Thyroid lymphoma and airway obstruction - is there a rationale for surgical management?
ABSTRACT The current management of thyroid lymphomas (TL) includes the combined use of chemotherapy and radiotherapy, with surgery mainly confined to diagnosis through an open biopsy following ultrasound-guided fine-needle aspiration cytology (US-FNAC).
To analyse the clinical presentation and methods of diagnosis of TL, its pitfalls and the management of these tumours presenting with compression symptoms and airway obstruction.
A retrospective review of nine patients diagnosed with TL at Guy's and St Thomas Hospital NHS Foundation Trust in London over the past 5 years.
Nine consecutive patients were identified with the diagnosis of TL, and seven (78%) of them being women and with a mean age of 65 years. All patients presented with an anterior neck mass while four (44.4%) presented with stridor and vocal cord palsy. Two (22.2%) presented with a hoarse voice, dysphagia, and only one patient had a B symptom of weight loss. FNAC was diagnostic in three patients (33.3%) and a report of multi-nodular goitre in one patient. There was clinical suspicion of TL in three patients (33.3%). Of the three patients presenting with stridor, two had an open biopsy followed by the initiation of dexamethasone therapy and resolution of symptoms within 48 h. One patient had a partial thyroidectomy following a suspected diagnosis of multi-nodular goitre from US-FNAC. One patient required tracheostomy for airway management.
Diagnosis of TL may be difficult. However, US-FNAC is useful in raising the suspicion of a TL. Open biopsy is still the definitive diagnostic tool of choice. In the emergency setting of airway obstruction, once definitive diagnosis is achieved, dexamethasone therapy and endotracheal intubation for airway management are all that is required for optimal management strategy. Surgical intervention has no role except for providing tissue for diagnosis.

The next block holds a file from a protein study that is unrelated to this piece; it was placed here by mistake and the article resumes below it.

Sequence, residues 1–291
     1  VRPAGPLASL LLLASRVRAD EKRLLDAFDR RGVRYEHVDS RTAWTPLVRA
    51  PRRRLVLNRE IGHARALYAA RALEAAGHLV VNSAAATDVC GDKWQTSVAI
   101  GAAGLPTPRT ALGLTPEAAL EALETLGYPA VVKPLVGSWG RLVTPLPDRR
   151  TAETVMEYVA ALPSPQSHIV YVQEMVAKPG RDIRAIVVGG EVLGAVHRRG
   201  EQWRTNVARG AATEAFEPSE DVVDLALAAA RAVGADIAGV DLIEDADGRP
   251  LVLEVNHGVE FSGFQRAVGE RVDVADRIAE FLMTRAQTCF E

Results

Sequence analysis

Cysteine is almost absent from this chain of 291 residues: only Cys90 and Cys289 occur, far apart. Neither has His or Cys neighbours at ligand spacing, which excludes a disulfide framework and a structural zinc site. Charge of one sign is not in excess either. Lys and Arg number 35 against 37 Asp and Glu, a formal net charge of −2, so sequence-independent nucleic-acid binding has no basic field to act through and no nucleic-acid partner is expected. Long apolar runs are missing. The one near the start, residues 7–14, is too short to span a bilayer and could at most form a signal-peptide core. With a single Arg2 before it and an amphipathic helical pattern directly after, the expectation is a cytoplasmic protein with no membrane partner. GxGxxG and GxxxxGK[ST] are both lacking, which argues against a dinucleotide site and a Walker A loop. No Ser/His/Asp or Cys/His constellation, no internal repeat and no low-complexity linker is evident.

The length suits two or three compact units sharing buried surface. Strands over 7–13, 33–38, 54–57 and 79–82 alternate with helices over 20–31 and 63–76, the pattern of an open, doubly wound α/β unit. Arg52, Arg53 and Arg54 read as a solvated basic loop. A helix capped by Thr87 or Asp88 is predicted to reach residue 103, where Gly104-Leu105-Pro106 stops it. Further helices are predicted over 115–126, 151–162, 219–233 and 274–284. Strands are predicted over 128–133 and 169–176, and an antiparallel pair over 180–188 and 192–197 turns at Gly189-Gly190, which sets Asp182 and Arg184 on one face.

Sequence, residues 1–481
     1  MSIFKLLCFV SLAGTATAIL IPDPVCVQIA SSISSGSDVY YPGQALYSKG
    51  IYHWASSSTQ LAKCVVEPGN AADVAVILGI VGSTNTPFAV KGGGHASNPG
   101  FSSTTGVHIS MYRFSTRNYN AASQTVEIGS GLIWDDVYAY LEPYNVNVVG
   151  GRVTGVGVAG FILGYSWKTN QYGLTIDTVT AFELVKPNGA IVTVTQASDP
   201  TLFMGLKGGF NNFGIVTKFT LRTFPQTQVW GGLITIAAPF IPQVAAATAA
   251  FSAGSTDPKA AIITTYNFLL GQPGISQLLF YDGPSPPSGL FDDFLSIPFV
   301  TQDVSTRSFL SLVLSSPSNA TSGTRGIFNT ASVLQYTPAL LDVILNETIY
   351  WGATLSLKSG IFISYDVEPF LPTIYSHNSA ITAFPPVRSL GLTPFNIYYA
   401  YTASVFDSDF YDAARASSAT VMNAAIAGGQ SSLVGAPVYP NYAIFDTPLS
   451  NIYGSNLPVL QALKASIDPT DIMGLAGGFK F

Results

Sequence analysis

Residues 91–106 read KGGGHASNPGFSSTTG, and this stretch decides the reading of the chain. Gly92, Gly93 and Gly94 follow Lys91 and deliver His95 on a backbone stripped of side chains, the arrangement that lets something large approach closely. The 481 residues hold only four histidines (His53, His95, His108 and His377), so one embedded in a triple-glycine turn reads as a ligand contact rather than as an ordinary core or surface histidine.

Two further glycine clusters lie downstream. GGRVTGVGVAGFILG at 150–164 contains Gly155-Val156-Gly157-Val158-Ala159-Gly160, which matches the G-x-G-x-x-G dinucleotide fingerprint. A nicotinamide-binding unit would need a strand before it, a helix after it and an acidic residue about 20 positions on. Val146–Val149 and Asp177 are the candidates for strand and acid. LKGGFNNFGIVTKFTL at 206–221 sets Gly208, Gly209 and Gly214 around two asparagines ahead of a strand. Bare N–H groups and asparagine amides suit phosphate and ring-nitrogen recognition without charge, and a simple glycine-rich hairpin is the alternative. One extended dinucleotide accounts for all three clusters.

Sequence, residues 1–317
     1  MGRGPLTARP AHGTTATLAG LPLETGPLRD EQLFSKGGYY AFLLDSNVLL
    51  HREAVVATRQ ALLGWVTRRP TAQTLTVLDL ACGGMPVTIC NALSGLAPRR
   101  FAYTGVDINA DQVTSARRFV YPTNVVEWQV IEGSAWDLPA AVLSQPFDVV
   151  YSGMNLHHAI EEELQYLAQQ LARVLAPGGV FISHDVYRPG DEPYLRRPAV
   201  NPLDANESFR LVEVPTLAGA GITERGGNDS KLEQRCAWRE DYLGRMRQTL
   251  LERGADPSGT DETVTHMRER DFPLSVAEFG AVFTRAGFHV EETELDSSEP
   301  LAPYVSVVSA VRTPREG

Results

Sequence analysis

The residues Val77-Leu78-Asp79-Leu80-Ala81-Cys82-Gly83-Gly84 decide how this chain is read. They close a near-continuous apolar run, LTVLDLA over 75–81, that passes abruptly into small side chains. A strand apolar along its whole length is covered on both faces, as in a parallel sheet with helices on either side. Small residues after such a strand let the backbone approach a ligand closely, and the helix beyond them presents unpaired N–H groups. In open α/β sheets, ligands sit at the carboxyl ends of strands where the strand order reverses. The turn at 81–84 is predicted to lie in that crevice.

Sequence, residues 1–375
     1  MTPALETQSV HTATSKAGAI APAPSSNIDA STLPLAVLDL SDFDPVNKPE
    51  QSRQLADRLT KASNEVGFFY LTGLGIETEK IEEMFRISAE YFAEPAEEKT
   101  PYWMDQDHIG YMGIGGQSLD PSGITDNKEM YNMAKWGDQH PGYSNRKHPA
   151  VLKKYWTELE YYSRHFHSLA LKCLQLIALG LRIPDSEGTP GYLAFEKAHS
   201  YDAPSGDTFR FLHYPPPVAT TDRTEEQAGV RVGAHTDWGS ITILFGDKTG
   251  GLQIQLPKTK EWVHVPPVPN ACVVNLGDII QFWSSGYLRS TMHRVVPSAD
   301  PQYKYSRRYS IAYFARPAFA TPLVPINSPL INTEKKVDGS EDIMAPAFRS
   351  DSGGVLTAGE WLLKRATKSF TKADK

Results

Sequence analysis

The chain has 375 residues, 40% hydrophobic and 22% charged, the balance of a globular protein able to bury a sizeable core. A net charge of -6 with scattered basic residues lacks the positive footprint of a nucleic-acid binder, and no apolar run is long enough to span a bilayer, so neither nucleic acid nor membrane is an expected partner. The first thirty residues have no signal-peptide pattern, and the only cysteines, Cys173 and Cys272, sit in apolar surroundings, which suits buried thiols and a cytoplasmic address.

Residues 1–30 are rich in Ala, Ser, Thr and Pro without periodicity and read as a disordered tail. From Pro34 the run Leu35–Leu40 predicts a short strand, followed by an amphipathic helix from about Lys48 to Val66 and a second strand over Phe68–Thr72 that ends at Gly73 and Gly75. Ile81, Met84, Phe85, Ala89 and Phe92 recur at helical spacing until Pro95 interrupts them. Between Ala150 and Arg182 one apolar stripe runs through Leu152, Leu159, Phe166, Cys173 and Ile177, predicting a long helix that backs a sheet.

Article: Emergency total thyroidectomy due to non traumatic disease. Experience of a surgical unit and literature review.[show abstract] [hide abstract]
ABSTRACT: Acute respiratory failure due to thyroid compression or invasion of the tracheal lumen is a surgical emergency requiring urgent management. The aim of this paper is to describe a series of six patients treated successfully in the emergency setting with total thyroidectomy due to ingravescent dyspnoea and asphyxia, as well as review related data reported in literature. During 2005-2010, of 919 patients treated by total thyroidectomy at our Academic Hospital, 6 (0.7%; 4 females and 2 men, mean age: 68.7 years, range 42-81 years) were treated in emergency. All the emergency operations were performed for life-threatening respiratory distress. The clinical picture at admission, clinical features, type of surgery, outcomes and complications are described. Mean duration of surgery was 146 minutes (range: 53-260). In 3/6 (50%) a manubriotomy was necessary due to the extension of the mass into the upper mediastinum. In all cases total thyroidectomy was performed. In one case (16.7%) a parathyroid gland transplantation and in another one (16.7%) a tracheotomy was necessary due to a condition of tracheomalacia. Mean post-operative hospital stay was 6.5 days (range: 2-10 days). Histology revealed malignancy in 4/6 cases (66.7%), showing 3 primitive, and 1 secondary tumors. Morbidity consisted of 1 transient recurrent laryngeal palsy, 3 transient postoperative hypoparathyroidism, and 4 pleural effusions, treated by medical therapy in 3 and by drains in one. There was no mortality. On the basis of our experience and of literature review, we strongly advocate elective surgery for patients with thyroid disease at the first signs of tracheal compression. When an acute airway distress appears, an emergency life-threatening total thyroidectomy is recommended in a high-volume centre.World Journal of Emergency Surgery 04/2012; 7:9.